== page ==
Angus raises some questions.
This question seems pretty simple to me, which probably means I don't have a good handle on the problem.
But the question is not: "Can/Should the Fed try to improve the balance sheets of for-profit financial institutions through reducing key bellwether rates, and through open market operations?"
If forced to answer that question, I would "no" to the shouldn't part, because I would answer "no" the can part: The problem is solvency, not liquidity. (Yes, I know Krugman makes this argument, that's why I think I must be wrong!). The Fed can't solve that problem.
There is a useful question, though, and that is the one Angus raised. And that question is: "Should the Fed accomodate large changes in relative prices (energy, some food) by translating actual real price change into inflation through an expansive monetary policy?"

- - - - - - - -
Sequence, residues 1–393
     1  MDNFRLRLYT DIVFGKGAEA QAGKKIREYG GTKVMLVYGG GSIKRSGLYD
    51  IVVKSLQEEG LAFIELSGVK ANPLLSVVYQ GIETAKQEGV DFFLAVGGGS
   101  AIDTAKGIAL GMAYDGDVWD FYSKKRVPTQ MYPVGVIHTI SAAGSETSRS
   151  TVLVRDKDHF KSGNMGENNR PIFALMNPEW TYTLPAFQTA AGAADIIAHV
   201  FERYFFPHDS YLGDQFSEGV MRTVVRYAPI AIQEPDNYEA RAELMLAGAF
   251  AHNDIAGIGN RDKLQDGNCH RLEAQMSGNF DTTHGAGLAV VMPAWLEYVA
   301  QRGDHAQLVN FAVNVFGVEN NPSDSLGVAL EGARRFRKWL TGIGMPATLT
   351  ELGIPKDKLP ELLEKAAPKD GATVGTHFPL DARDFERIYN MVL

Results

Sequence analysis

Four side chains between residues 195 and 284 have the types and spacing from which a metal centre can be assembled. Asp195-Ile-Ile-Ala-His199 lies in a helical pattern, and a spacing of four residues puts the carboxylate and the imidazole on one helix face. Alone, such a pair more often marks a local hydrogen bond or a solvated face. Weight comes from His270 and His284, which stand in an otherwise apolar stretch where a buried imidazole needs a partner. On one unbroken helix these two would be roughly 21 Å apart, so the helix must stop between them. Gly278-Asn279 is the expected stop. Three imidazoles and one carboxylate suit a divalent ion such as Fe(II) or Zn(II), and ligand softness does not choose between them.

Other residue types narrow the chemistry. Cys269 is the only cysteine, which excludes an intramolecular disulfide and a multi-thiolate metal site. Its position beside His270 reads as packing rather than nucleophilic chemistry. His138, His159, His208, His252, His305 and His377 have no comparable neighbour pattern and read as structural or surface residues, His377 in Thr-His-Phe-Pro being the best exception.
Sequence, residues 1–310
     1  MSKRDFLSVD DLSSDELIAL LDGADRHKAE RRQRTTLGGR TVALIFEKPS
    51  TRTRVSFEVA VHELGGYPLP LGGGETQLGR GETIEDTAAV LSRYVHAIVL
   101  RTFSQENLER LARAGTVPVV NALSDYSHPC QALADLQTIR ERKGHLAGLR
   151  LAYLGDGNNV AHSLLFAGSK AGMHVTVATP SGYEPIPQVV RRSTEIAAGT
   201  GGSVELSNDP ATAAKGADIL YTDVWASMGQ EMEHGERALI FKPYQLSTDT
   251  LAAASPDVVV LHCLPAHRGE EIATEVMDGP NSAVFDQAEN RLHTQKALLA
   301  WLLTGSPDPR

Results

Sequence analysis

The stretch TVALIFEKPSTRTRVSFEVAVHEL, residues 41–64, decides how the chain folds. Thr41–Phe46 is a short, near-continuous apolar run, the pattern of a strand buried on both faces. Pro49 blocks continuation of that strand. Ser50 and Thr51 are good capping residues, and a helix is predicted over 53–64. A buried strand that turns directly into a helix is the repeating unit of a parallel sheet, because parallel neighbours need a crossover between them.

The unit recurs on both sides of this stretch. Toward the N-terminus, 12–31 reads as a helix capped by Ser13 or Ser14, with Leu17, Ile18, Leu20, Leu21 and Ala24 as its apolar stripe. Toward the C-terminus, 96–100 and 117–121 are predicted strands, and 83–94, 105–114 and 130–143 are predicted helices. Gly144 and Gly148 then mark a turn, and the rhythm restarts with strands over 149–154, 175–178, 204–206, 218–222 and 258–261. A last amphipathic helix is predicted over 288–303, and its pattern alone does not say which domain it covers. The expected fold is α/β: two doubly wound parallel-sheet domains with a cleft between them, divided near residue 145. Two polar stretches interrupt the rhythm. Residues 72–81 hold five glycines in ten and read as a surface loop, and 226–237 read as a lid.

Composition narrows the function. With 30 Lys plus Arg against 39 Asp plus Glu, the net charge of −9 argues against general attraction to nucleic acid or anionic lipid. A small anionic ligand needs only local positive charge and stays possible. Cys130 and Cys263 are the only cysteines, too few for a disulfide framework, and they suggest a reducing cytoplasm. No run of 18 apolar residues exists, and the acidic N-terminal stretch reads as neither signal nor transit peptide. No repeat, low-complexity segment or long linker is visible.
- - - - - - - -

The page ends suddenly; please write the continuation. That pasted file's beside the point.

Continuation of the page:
That is the question actually presented to the Fed, and to the policy community. And that's the question I would like to hear answers to. Me? I vote, "No."
Note that I am NOT saying that the Fed should allow, or foster, DEFLATION if it comes to that. But we are a very long way from deflation. I wouldn't accomodate a deflation, either.